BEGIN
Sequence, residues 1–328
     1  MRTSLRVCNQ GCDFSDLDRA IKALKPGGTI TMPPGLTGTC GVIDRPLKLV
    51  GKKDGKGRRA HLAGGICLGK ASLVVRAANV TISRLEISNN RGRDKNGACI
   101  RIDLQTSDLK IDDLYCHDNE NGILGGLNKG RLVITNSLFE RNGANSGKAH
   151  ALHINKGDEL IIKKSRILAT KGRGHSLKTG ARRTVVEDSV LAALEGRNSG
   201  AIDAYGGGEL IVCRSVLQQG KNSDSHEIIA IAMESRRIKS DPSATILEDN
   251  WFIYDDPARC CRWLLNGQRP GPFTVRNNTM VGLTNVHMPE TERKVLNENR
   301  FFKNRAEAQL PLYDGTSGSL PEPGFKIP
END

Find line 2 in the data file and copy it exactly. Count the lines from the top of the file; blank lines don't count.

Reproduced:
     1  MRTSLRVCNQ GCDFSDLDRA IKALKPGGTI TMPPGLTGTC GVIDRPLKLV